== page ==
3. Clyde Bruckman's Final Repose (Season 3, Episode 4, 1995)

The late Peter Boyle makes quite a memorable appearance as Clyde Bruckman, a true psychic in the midst of many phonies who is wise enough to know that no good comes from messing with the future. Not to worry; plenty of future messing ensues, as do many profound queries about death and fate. My favorite of those is this particular exchange:

Bruckman: Do you wanna know how you're going to die?
Mulder: Yes, I would.
Bruckman: [Pause] No, you don't.

2. Anasazi (Season 2, Episode 25 , 1995)/Blessing Way/ Paper Clip (Season 3, Episode 1 & 2, 1995)

Here is yet another trilogy that leads Mulder and Scully deeper into the labyrinth of lies, truths, and the ever-present arsenal of unanswered questions. Excluding Scully's abduction just prior to these episodes, the events that go on here really laid the groundwork for the mythology arc for the rest of the series. The story of the Anasazi is a fascinating one, and connecting it to the running themes of the show and Mulder and Scully's journey brought much more significance to what is to come.

1. Two Fathers/One Son (Season 6, Episode 11 & 12, 1999)

Out of the nine seasons of The X-Files, the Two Fathers/One Son two-parter has got to be the biggest turning point and moment of revelation for our heroes. They were also jam-packed with ‘Did that just happen?' and ‘Ah-ha!' moments that are extremely satisfying for any dedicated viewers. Ghosts of myth-arc past come back to haunt Mulder and Scully and plop even more insanity into their laps. Even though it's in the sixth season, the wait is totally worth it, and the thirty seconds it takes to switch from part one to part two will give you such a magnified sense of that anxiety and anticipation that, by now, you will have come to know and love when watching The X-Files.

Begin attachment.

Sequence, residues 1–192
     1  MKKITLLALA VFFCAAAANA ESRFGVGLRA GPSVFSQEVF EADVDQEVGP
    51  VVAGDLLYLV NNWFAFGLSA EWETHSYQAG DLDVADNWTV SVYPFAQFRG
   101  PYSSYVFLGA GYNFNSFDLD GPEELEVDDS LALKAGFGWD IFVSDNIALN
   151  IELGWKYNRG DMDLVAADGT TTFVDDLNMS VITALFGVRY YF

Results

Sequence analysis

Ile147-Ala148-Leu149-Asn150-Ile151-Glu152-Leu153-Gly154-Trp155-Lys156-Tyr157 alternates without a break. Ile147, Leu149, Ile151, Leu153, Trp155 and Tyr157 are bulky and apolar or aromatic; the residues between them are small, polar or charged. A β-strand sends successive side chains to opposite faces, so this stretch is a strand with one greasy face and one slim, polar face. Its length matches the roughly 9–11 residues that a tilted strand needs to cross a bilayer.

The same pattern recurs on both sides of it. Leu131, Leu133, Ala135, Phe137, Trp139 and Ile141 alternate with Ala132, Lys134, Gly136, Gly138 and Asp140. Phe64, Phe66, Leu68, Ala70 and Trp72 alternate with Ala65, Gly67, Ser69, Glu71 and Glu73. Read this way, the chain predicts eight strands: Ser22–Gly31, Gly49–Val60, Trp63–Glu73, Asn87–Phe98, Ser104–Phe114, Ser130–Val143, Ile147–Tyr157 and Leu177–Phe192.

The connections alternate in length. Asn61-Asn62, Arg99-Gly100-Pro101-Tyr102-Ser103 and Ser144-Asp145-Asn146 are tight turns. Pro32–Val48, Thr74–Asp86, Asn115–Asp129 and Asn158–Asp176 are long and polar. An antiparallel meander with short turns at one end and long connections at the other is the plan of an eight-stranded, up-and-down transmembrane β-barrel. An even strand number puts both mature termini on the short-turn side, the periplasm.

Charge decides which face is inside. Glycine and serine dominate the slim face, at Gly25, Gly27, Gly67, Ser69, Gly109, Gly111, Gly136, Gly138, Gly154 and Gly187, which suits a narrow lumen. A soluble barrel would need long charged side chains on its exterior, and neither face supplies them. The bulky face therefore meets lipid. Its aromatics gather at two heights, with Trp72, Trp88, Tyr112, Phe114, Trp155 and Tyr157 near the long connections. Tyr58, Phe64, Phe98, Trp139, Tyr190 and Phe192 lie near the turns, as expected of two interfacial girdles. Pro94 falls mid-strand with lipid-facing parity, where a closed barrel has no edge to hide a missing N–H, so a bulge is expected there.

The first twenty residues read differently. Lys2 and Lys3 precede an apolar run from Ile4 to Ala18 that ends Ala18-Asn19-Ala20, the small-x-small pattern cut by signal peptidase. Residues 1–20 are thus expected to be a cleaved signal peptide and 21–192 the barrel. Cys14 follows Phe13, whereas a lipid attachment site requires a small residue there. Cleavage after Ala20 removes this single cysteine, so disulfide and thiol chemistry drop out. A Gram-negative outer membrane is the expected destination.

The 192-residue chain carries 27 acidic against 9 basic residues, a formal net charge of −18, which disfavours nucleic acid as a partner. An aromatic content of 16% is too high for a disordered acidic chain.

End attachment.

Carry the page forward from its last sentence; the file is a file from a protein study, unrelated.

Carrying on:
Click here for a list of ALL the lists at Den Of Geek...

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wow... one of the smartest, funniest most brilliant pieces of tv ever written and you find it... boring? well, to each his own, i guess. personally, it should be higher on the list. darin morgan is a genius. home, on the other hand, is hands down the worst episode of the series. i don't find inbred rednecks particularly interesting or appealing.